Selfies are having a huge impact on the facial plastic surgery industry, according to a study by one of the largest plastic surgery associations. One in three facial plastic surgeons said more people are asking for procedures due to more self-awareness of their looks on social media. The results of the annual poll conducted by The American Academy of Facial Plastic and Reconstructive Surgery come just a week after daytime talk show host Ellen Degeneres tweeted a photo of herself with a handful of other stars.

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Ear-tube procedures moving out of operating room
Knoxville News
Preceptis Medical is a small company that has big designs to clip the costs and boost the safety for the 1.3 million young children who undergo ear-tube surgeries each year. “This is a simple story,” said Preceptis CEO Steve Anderson. “We’ve come up with an effective tool that allows us to do the procedure under conscious sedation, avoiding the expense of the operating room, and avoiding the risk to young children of general anesthesia.”

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Some patients may benefit from hip resurfacing over replacement
Medical Xpress
When a person loses mobility because of arthritis, surgeons can replace the faulty hip joint with a new one. A new study led by researchers at Washington University School of Medicine in St. Louis suggests that a different procedure called hip resurfacing may be a better option for some patients, particularly those who are young and active.

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Rating sites becoming an important tool for patients
By Pamela Lewis Dolan
Despite physicians' dislike of online rating sites, a survey finds patients are increasingly relying on them when shopping for a new doctor. A survey conducted by researchers at the University of Michigan Medical School found that when choosing a doctor, physician rating sites weren't ranked as high as other factors such as word of mouth from family and friends or whether a physician accepts the patient's insurance. But there is evidence the rating sites have become an important tool. And use of them is likely to continue growing.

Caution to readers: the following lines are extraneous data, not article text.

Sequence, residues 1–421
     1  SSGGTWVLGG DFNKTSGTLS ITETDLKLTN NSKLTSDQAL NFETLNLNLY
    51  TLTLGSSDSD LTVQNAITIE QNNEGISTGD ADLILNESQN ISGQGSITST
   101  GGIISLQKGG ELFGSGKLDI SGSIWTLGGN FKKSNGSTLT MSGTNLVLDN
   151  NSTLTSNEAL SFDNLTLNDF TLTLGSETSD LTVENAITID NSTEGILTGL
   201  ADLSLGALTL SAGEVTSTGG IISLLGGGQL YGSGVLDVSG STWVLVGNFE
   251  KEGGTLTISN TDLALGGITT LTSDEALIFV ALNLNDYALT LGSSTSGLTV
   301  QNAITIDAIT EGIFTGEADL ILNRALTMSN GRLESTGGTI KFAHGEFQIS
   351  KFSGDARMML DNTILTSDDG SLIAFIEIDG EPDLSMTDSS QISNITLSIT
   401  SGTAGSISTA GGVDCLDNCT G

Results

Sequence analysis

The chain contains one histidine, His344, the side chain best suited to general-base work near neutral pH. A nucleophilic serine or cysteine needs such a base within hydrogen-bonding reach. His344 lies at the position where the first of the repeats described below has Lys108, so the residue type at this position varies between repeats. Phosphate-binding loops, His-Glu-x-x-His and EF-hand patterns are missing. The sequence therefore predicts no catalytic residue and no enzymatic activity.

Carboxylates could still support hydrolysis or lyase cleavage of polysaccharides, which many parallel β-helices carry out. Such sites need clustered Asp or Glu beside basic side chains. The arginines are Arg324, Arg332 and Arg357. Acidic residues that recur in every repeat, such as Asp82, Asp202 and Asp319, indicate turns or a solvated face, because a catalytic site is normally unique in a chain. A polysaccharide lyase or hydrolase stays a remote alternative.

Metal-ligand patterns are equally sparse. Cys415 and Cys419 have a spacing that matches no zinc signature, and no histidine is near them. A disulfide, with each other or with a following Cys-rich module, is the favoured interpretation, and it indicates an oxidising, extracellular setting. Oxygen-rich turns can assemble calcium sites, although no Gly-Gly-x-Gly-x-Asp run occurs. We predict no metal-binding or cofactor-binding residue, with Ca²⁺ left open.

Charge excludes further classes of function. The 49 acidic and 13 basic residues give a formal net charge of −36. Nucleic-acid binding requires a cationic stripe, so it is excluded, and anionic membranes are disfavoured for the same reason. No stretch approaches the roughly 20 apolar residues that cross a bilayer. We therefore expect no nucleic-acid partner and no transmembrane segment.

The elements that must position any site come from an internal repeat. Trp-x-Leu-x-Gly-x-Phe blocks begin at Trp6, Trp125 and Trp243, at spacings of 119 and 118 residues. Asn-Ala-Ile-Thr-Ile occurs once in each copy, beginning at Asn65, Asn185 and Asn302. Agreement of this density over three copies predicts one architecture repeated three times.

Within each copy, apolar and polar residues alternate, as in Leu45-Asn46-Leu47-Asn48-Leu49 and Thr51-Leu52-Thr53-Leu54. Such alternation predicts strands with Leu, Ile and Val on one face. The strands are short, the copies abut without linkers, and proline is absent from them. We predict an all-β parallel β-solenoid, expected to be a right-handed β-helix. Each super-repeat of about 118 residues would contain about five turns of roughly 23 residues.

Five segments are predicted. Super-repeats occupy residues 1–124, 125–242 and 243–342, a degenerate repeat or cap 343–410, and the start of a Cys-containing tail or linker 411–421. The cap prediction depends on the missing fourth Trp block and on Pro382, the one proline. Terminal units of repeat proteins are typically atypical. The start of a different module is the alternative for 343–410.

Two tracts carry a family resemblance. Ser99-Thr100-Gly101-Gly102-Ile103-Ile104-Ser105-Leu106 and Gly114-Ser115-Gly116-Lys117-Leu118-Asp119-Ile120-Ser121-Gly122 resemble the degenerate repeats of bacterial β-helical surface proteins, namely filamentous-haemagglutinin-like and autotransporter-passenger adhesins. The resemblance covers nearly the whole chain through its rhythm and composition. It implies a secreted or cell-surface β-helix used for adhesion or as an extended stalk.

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Allergies to joint replacement implants problematic
Medscape (free subscription)
Patient discomfort with some joint replacements could be related to allergies to common implant materials, a new study shows. "If you have had a skin reaction, you should be patch-tested before having an implant," said lead investigator Karin Pacheco, M.D., assistant professor of medicine at the University of Colorado Denver. Although many patients test positive for allergies to implant materials, orthopedic surgeons usually don't take those allergies into account when recommending implants to their patients.
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Surgeons perform first auditory brainstem implant operation in Ohio
Surgeons at University Hospitals Case Medical Center have completed the first auditory brainstem implant (ABI) operation in Northeast Ohio on a woman who has lost most of her hearing due to benign tumors on her auditory nerves. The procedure was performed on March 11 by ear, nose and throat surgeons Cliff Megerian, M.D., and Maroun Semaan, MD, and neurosurgeon Nicholas Bambakidis, M.D. It will be about six to eight weeks before it is known if the implant provides benefit to the patient and to what extent. The patient has a relatively rare genetic condition known as Neurofibromatosis Type 2 (NF2). The incidence is estimated to be one in 40,000.
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A surgical procedure's risks, unmentioned
The New York Times (opinion)
Many patients assume that, like prescription drugs, surgical procedures and instruments undergo extensive testing and must be government-approved. It’s not necessarily so. Developers, of course, do test new instruments, and practitioners often train with an expert before using them unsupervised to treat patients. And the Food and Drug Administration must confirm an instrument’s safety and effectiveness before it can be marketed — but only if the device is deemed significantly different from others already approved.
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Missed last week's issue? See which articles your colleagues read most.

    New guideline provides recommendations for breast cancer surgeons (Health Canal)
2 gloves are better than one (Outpatient Surgery)
Research benefits surgeons making decisions on how to help their patients breathe easier (Science Codex)
A revolutionary surgery, now as typical as a sinker (The New York Times)
Pediatric surgeons develop standards for children's surgical care in the US (Medical Xpress)